Image: Jack Abramoff listens to his attorney Abbe Lowell.
Dennis Cook  /  AP file
Jack Abramoff, right, listens to his attorney Abbe Lowell on Capitol Hill in this Sept. 29, 2004, file photo.
updated 12/22/2005 1:20:12 PM ET 2005-12-22T18:20:12

The top Democrat on the Senate committee investigating Jack Abramoff’s Indian lobbying is returning $67,000 in donations in response to Associated Press reports that he collected tribal money around the time he took actions favorable to those Abramoff clients.

While Sen. Byron Dorgan, D-N.D., never met Abramoff and didn’t take any actions at the lobbyist’s behest, he nonetheless wants to return the money to avoid any appearances that tribal money was directed to him by the controversial lobbyist, his office said Tuesday.

Dorgan is the senior Democrat on the Senate Indian Affairs Committee that has spent more than a year investigating alleged fraud in Abramoff’s representation of Indian tribes, which were charged tens of millions of dollars in lobbying fees between 2001 and 2004.

AP reported in three stories over the last month that Dorgan did not disclose during the probe that he took actions favorable to Abramoff’s tribal clients, often around the time he collected donations from Abramoff’s firm or clients.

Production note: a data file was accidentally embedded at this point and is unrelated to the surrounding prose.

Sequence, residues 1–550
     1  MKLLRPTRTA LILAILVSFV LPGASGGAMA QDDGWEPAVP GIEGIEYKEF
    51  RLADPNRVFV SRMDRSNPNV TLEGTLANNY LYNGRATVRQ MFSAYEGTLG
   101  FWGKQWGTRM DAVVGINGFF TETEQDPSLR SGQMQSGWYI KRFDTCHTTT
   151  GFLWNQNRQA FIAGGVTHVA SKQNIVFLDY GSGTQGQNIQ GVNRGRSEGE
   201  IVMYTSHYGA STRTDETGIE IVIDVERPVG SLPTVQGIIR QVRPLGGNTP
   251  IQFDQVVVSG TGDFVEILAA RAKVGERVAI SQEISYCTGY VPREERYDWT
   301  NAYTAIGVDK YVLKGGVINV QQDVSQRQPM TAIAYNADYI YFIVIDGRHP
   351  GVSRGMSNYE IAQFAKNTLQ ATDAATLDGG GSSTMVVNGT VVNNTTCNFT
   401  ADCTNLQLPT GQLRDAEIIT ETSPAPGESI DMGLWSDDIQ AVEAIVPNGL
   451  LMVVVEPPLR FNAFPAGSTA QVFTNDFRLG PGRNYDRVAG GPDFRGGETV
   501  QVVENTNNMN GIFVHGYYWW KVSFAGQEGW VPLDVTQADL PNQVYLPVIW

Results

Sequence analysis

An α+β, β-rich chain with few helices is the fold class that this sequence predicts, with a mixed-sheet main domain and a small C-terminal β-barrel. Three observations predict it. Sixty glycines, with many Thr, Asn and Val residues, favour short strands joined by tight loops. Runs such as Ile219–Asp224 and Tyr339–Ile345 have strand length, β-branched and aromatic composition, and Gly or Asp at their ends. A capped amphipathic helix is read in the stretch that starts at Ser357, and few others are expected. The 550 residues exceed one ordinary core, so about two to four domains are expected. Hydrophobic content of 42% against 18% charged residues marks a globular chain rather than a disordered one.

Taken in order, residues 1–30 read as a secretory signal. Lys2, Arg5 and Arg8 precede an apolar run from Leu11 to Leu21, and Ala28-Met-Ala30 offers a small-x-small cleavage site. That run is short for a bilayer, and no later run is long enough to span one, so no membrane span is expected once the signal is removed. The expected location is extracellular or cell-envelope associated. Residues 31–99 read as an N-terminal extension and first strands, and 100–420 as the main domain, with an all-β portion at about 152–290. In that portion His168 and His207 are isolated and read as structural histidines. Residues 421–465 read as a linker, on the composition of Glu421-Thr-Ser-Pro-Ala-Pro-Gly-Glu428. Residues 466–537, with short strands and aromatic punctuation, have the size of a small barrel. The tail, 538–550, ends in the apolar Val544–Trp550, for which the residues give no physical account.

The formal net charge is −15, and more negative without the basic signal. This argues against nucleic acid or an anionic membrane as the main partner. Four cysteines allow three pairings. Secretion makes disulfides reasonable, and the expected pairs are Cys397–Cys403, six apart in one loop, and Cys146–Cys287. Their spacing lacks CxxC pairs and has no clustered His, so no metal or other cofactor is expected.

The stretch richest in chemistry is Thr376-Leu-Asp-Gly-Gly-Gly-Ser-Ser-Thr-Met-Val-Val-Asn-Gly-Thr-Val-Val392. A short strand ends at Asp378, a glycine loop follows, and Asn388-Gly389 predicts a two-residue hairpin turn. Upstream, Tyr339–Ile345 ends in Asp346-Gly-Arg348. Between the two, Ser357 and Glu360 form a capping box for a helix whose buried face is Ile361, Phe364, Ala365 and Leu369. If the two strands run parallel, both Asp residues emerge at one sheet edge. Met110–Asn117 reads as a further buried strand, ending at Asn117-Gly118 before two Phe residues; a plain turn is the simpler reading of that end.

For instance, Dorgan:

  • Used Abramoff’s arena skybox in March 2001 to raise money, letting one of Abramoff’s tribes foot the bill for using the box. The senator says he didn’t know at the time that Abramoff leased the box. He’s recently reimbursed that money.
  • Got Congress in the fall 2003 to press government regulators to decide, after decades of delay, whether the Mashpee Wampanoag tribe of Massachusetts deserved federal recognition. Dorgan met with the tribe’s representatives and collected at least $11,500 in political donations from the Abramoff partner representing the Mashpee around the time of the help.
  • Collected $20,000 from Abramoff’s firm and tribes in the period around when he wrote a letter in 2002 urging the Senate Appropriations Committee to fund a school construction program that Abramoff’s clients and other tribes wanted. The letter mentioned one of Abramoff’s tribes.

The Coushatta tribe of Louisiana told AP they were directed by Abramoff to make a $5,000 donation to Dorgan’s group just a few weeks after the 2002 letter was sent.

The return of the money was first reported in Tuesday editions of The Forum in Fargo, N.D. Dorgan told the newspaper he did not want to “knowingly keep even one dollar in contributions if there is even a remote possibility that they could have been the result of any action Mr. Abramoff might have taken.”

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